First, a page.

• FORT WAYNE – Important fact number one: Al Gore did not concede to presumed President-elect George Bush until Dec. 13, 2000. The political system survived. Of course, that was Gore’s second concession. He took his first one back until the process went through the courts. Surely the media would not prefer that Donald Trump had conceded and then taken it back after supporters raised issues of fraud? It is important to establish some more basic points. A president-elect is designated after the Electoral College votes and before a president is sworn into office. It is not anointed by the media. By all evidence presented thus far, and likely to be presented, former Vice President Joe Biden is the presumed president-elect. This isn’t a repeat of 2000, one state with an incredibly close count, but a fairly decisive apparent win though with many narrow victories for Biden: Georgia 0.3%, Arizona 0.3%, Wisconsin 0.6%, Pennsylvania 1.2%, Nevada 2.4% and Michigan 2.6%. Given the closeness and the extraordinary changes in voting patterns, an election not primarily determined in private voting booths on Election Day, the apparent losing candidate has a right to pursue legal questions that arise. The fact that the media is demanding an immediate coronation is not professional journalism. Neutrality was lost earlier, but even feigned neutrality – nodding here and there to fairness – has been abandoned for overt cheerleading, complete with tears. Vice President Biden, on the other hand, has remained publicly calm. He has a commanding lead, understands that no proof of significant fraud looms, and has confidence in the legal system.
  • FORT WAYNE – Election day and election night were for much of my life intense experiences of adrenalin rush, excitement and tension. My first thrilling experience was in 1980. I was standing in front a television set, watching Ronald Reagan win the presidency and Republican Senate candidates topple one Democrat legend after another, including our Congressman Dan Quayle upsetting Sen. Birch Bayh. It was a Republican wave. In 1994, I was part of another Republican wave (a tsunami), when I upset Congresswoman Jill Long as part of the Republican Revolution in the U.S. House, when for the first time in 40 years Republicans took control. The Dems had held power for so long, as new Speaker Newt Gingrich said, we found rooms we didn’t know existed in the Capitol Building. The Dems thought they could continue their blue wave of 2018 this year, humiliating President Donald Trump, winning control of the Senate, and advancing to a more stable control of the U.S. House. Instead they ran into a purple wave. Here is how you define a purple wave: You have red areas (definition: Indiana) and blue areas (definition: California), and among them you have a bunch of states that cast millions of votes, yet the next day (e.g. Wisconsin, Michigan) the presidential candidates are separated by less than 1%.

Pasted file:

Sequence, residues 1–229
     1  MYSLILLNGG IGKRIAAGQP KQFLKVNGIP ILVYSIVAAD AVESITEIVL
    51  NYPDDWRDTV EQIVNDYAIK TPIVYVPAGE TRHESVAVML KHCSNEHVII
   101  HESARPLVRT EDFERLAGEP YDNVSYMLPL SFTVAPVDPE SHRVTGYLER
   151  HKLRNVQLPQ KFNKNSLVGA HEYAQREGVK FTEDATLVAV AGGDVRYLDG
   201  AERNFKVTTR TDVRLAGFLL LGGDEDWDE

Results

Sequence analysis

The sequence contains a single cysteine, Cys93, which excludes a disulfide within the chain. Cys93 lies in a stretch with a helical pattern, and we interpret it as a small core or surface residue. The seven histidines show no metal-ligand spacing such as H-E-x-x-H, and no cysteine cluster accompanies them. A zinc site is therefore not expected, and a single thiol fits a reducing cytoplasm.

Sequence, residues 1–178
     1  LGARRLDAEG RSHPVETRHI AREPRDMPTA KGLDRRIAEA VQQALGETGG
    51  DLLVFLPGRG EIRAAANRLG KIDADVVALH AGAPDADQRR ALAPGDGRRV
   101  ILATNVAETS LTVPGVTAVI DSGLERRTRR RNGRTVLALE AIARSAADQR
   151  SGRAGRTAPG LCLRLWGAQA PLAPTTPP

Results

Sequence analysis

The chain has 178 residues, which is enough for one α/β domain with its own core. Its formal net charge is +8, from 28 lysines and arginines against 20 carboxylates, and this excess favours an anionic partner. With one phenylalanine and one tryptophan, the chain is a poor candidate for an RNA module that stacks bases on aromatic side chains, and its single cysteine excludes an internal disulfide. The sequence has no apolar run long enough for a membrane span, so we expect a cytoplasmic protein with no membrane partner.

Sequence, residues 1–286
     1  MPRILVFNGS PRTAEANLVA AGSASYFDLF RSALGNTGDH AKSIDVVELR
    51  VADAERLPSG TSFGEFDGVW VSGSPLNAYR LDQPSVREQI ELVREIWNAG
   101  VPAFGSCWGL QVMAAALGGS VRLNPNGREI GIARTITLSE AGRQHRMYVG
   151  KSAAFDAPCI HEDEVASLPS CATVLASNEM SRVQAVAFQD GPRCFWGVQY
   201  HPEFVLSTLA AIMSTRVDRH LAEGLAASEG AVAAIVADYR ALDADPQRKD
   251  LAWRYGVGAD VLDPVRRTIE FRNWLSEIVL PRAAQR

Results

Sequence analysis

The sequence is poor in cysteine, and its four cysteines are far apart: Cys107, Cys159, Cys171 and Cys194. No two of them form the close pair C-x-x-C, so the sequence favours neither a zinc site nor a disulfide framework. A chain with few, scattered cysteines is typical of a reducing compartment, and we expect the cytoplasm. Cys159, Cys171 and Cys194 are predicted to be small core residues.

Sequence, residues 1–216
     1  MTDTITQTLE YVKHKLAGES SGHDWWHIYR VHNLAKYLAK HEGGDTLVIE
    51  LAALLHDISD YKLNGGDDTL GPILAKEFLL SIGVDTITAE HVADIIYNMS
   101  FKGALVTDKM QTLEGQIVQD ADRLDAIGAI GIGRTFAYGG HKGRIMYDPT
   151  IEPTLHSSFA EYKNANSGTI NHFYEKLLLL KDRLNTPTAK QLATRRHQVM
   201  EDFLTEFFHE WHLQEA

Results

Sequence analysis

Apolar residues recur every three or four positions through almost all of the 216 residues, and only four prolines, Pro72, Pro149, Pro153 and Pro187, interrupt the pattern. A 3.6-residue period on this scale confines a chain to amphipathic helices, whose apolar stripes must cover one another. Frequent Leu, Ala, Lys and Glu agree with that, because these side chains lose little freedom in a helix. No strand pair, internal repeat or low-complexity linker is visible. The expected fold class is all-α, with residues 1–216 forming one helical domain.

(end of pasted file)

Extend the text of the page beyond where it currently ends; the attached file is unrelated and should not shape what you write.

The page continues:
• FORT WAYNE – Here are some thoughts on the final days. 1.) The final debate was Trump’s best. It stopped his polling slide, at least temporarily, that had accelerated after his bullying performance in the first debate and the further confusion after he skipped the second. His gains, however, were not large and may have come too late. 2.) The Senate races are interesting, both because of the importance of Senate control but also as indicators of the presidential race. Before the final debate, it seemed as though the Democrats would have seized Senate control had that been election day. Since the debate, the Republicans have gained 2-4 points in key seats, making the Republican maintenance of control riding heavily on two Georgia seats and the North Carolina race. Minnesota has become surprisingly close in some polls and a strong candidate in Michigan is at least competitive. Iowa and Arizona are again basically tied.  3.) Trump has more intensely loyal supporters. So did Goldwater and McGovern. Intense support does not always correlate to representing wider support. Trump, unlike the aforementioned, does have a second group: People who don’t particularly respect him but fear the policies of his opponents. Trump also has a larger core (i.e. the Plains states, Indiana and most of the deep South) than Goldwater and McGovern did. And there are a large number of states that are still competitive in the Great Lakes (including Pennsylvania), Texas and Florida (which are now the second and third largest states), as well as scattered others (e.g. Arizona).
  • GRAND JUNCTION, Colo. — Over the years, alliances and issues change, but Indiana Republicans like to battle over differences. The fact is, so do Indiana Democrats. Every state does this. We just do it better. Contentious times on issues lead to divisions within and among parties. So do controversial individuals and internal power struggles. In 2020, we have all those things. Gov. Eric Holcomb has a few huge advantages in his reelection campaign. The biggest is our state’s modern history of stability through all chaos.  The Indiana gubernatorial two-party victory margins were: 1984 (5%), 1988 (6%), 1992 (25%), 1996 (5%), 2000 (15%), 2004 (7%), 2008 (17%), 2012 (3%), and 2016 (6%). Two facts jump out: 1.) the three wide margins (1992, 2000, and 2008) were reelection campaigns of Governors Bayh, O’Bannon and Daniels and 2.) otherwise, for nearly four decades, the two political tribes in Indiana have been fairly evenly matched. The Republicans have won only one race with a margin of more than 7% since the Ronald Reagan sweep year of 1980. However, it takes a ground shift for an Indiana governor to lose a reelection campaign. In fact, no elected governor (Joe Kernan had been elected as lieutenant governor) has EVER been defeated for reelection.